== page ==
Rail needs a rethink to get light at end of the tunnel
Barely a week goes by at the minute without further evidence of the embarrassing mess that Britain’s railways are in. After Virgin and Stagecoach had the East Coast line seized from them by ministers, it was the turn of bumbling transport operator Firstgroup last week, as it reported a whopping £106m hit on the Transpennine Express line.
Despite continued complaints about the quality of the service, which operates three routes out of Manchester, the franchise has achieved 10pc like-for-like passenger growth over the last year. Commuters it seems are not voting with their feet when it comes to our dismal railways, perhaps because of a dearth of alternatives.
Which makes the horrendous write-down all the more calamitous. How can you notch up such big losses when passenger numbers are surging?
The cock-up rightly proved to be the final nail in the coffin for hapless boss Tim O’toole who has been forced to stand down.
Many of its problems were self-inflicted but don’t expect the Transpennine fiasco to be an isolated case. As we report today, Britain’s rail operators are facing further losses of as much as £1bn across a string of struggling franchises.
How come? Over the last few years, the government has allowed aggressive, over-thetop, high-risk bidding to repeatedly occur.
Senior industry sources blame the growing prevalence of overseas state-backed bidders, which have waded in, snapping up big chunks of the UK rail network at silly prices. One in two of the 1.7bn passenger journeys made in the UK each year will be on trains operated by foreign firms. With a very low cost of capital and a willingness to accept high-risk profiles, they have been able to easily outbid domestic operators.
The problem is that many will never get close to their ambitious targets. Take Abellio’s Anglia franchise. The Dutch firm will need about 8 to 9pc growth in passengers to hit budgeted revenue growth of 10 to 11pc per annum. Last year, the rate was running at just 3.6pc – so it is well short. Losses could be as much as £270m.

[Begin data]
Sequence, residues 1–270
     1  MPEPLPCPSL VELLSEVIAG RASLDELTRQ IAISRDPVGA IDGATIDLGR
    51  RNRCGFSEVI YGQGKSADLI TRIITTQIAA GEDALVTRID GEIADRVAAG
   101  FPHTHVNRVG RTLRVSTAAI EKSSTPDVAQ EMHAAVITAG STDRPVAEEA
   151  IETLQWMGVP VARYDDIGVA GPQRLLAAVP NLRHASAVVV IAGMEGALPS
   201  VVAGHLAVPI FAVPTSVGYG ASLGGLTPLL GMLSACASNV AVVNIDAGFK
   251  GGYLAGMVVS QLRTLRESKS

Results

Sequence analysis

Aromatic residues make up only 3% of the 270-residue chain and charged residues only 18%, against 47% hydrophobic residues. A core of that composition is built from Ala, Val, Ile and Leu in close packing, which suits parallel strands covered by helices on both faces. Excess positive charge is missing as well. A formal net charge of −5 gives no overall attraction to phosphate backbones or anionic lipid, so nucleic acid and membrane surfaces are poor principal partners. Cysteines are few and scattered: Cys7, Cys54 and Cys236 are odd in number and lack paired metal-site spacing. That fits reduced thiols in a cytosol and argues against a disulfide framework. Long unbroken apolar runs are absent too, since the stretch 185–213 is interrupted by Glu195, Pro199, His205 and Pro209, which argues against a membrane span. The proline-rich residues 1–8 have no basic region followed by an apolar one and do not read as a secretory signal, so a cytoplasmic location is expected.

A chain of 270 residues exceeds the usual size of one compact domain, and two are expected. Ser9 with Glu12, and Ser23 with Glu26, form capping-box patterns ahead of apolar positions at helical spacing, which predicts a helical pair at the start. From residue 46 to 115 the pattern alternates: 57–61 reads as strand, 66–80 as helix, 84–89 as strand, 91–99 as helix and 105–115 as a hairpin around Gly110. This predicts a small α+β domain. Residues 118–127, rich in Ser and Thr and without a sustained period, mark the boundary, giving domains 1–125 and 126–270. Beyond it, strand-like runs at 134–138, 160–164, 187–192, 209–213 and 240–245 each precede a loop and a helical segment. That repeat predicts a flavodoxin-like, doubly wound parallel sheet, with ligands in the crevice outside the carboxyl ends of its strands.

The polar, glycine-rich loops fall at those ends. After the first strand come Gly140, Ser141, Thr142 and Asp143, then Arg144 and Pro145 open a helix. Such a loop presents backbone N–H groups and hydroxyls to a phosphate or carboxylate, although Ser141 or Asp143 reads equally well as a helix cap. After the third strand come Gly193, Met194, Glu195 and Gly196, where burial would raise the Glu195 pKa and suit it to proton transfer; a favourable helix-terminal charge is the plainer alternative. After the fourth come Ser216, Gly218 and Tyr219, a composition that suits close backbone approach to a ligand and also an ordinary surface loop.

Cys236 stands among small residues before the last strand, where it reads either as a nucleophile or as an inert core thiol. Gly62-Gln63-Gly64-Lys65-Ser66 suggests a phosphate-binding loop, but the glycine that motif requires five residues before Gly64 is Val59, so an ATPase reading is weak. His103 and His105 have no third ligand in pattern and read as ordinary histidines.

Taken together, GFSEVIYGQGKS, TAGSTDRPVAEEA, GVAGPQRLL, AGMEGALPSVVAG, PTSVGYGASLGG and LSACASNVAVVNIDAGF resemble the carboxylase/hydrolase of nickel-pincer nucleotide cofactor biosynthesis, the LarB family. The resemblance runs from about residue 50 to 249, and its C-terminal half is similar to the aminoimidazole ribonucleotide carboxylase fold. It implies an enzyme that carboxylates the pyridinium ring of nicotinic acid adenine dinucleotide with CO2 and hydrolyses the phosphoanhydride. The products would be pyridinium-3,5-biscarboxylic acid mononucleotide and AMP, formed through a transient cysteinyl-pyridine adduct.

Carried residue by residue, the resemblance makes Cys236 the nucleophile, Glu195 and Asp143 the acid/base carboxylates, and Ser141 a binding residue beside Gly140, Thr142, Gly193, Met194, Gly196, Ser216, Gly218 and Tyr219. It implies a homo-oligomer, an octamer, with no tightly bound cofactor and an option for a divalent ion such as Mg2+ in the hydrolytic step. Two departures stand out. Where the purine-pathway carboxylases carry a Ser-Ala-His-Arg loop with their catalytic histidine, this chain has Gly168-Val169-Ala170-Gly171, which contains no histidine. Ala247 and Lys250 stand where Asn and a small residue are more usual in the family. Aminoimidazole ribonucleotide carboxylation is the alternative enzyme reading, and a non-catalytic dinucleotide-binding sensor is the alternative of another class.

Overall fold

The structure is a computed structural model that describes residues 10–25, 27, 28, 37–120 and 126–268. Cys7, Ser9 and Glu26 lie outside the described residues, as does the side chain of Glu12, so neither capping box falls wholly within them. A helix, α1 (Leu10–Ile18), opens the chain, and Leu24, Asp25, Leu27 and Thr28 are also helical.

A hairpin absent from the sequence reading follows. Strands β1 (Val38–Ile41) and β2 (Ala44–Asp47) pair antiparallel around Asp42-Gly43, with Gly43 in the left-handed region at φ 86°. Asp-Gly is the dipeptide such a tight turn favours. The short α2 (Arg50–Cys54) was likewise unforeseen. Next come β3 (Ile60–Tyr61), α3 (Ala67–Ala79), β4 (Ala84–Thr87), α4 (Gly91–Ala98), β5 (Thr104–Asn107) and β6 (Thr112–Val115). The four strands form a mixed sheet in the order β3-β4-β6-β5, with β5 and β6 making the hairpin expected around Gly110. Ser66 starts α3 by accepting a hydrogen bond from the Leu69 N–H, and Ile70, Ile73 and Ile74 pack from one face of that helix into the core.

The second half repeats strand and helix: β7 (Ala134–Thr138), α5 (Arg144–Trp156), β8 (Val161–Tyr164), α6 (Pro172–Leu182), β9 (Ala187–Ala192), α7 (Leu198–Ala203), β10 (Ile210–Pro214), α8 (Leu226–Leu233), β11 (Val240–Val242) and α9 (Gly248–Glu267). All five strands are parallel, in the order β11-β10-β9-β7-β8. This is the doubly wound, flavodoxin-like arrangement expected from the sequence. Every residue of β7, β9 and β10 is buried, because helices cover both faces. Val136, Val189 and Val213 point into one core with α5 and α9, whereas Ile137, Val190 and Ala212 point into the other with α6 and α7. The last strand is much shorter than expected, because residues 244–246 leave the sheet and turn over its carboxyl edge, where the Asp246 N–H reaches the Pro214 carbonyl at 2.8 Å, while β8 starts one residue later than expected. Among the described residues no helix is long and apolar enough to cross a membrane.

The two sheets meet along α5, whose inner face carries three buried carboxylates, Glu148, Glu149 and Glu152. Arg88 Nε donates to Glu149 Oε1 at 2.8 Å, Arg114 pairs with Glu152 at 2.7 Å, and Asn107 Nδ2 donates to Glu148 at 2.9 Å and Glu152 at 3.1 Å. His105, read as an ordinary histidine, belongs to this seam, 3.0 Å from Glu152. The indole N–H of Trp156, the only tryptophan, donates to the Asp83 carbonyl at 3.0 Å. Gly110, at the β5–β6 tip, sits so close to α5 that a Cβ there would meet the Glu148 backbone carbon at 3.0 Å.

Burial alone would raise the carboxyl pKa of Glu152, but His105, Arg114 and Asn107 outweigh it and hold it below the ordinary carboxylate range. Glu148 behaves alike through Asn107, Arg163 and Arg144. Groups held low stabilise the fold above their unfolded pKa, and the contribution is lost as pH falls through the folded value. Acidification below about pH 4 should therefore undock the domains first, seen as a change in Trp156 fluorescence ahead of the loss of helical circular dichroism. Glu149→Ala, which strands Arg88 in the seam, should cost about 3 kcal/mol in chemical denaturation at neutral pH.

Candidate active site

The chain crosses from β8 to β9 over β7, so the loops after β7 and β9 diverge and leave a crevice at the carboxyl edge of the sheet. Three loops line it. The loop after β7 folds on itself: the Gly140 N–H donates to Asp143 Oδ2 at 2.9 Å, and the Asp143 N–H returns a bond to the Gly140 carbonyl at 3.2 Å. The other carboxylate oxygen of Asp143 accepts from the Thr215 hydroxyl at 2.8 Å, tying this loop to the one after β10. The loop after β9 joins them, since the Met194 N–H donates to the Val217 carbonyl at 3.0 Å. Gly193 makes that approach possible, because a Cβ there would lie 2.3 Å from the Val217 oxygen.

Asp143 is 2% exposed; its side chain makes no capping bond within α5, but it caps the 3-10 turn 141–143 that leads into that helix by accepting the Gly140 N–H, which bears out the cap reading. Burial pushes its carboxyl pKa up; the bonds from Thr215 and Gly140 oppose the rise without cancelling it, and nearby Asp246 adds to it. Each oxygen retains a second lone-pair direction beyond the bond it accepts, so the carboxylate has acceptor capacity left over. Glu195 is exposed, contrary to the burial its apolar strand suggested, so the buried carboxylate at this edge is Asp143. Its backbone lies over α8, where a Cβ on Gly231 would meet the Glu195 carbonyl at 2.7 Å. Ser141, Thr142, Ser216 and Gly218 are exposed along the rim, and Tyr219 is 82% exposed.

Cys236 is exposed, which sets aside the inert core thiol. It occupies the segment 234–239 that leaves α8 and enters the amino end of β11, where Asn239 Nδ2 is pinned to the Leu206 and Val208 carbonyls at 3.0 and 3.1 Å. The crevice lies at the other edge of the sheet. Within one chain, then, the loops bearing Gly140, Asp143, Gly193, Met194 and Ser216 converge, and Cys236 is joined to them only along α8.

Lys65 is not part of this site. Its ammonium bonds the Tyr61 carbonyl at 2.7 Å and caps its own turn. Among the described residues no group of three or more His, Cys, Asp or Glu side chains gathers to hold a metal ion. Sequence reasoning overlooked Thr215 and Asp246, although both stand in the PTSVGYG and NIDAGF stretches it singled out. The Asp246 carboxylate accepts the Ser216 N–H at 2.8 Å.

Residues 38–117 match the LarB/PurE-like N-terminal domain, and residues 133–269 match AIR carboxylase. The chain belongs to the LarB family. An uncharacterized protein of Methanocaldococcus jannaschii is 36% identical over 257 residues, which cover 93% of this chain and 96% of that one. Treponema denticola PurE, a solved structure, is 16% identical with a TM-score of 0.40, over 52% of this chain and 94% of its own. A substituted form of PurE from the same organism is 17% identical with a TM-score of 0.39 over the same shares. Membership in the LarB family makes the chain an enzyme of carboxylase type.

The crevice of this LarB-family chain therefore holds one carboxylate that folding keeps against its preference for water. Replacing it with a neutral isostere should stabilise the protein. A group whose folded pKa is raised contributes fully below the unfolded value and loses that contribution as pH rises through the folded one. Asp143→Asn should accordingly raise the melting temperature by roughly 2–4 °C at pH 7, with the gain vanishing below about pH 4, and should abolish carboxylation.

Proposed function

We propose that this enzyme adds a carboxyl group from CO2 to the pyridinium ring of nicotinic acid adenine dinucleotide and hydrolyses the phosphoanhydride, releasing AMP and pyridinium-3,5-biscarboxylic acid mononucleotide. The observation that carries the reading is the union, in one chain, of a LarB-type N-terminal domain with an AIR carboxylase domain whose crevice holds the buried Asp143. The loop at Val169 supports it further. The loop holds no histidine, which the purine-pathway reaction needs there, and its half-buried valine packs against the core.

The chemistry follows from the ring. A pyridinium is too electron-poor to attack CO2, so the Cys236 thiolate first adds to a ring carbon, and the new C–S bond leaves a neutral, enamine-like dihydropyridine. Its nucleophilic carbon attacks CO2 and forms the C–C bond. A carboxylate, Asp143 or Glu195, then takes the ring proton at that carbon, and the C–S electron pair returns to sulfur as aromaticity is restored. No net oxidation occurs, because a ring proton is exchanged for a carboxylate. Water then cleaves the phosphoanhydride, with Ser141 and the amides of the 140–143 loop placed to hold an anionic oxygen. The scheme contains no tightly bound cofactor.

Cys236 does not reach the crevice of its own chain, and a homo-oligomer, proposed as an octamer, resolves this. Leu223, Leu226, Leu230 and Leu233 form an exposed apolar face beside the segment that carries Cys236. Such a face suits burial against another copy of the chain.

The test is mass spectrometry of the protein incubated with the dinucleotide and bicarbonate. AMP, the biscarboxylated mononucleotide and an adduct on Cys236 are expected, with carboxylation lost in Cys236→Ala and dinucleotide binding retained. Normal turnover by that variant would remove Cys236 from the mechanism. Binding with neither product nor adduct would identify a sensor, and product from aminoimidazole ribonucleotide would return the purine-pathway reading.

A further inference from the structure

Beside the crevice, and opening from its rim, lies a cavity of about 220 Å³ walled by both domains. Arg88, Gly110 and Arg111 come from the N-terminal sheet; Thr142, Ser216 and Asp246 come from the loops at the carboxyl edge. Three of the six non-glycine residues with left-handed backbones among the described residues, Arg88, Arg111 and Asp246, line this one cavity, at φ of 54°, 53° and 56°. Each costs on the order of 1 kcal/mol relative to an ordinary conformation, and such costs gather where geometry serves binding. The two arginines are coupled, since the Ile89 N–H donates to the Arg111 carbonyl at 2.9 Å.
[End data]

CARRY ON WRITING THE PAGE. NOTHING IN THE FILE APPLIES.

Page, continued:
Arriva won the contract to run the Northern service with a bid that was hundreds of millions above anybody else’s, fuelling expectations that it too is set for a hefty hit. Firstgroup’s write-downs on Transpennine could eventually double, while it may also run into trouble on South Western Railway.
The franchise model is deeply flawed. The government needs to come up with an alternative. Meanwhile, O’toole is set for an exit package of £700,000.
‘Commuters it seems are not voting with their feet when it comes to our railways’
Pester looking precarious
Having correctly called the pending departure of Tim O’toole last week, I’m going to double down and take a bet on who is next for the boardroom chop.
There is no pleasure in seeing chief executives fail. Contrary to the prevailing narrative being peddled by Corbyn and comrades, business is largely a force for good. When a company thrives everyone benefits: employees; suppliers; shareholders; the taxman; and wider society. Success should be cheered, failure mourned.
Perhaps the media is probably all too often guilty of focusing on the cock-ups, but it is our job to hold those in power to account and scrutinise mistakes, and few have got it as spectacularly wrong as Paul Pester at TSB. The bank’s IT meltdown should become a lesson in how major crises can spiral out of control if handled in a ham-fisted way.
The decision to rush a project of that scale was horribly reckless and no doubt fuelled partly by both greed and pressure. Incredibly he was in line for a £2m bonus once the new system was in place. Meanwhile, the fees that TSB was paying to former parent Lloyds had doubled. Pester was a man in a serious hurry.
He also ignored best practice, which is to stagger such massive tech upgrades. Customer livelihoods were threatened after being frozen out of their accounts for days, even weeks in some cases.
But it was his bungled handling of the affair that was truly unforgivable. Pester not only initially refused to apologise but also played down customer claims that the problems hadn’t been fixed.
This week he faces another grilling by MPS, while the FCA is considering its own investigation. If Pester survives it will be a miracle.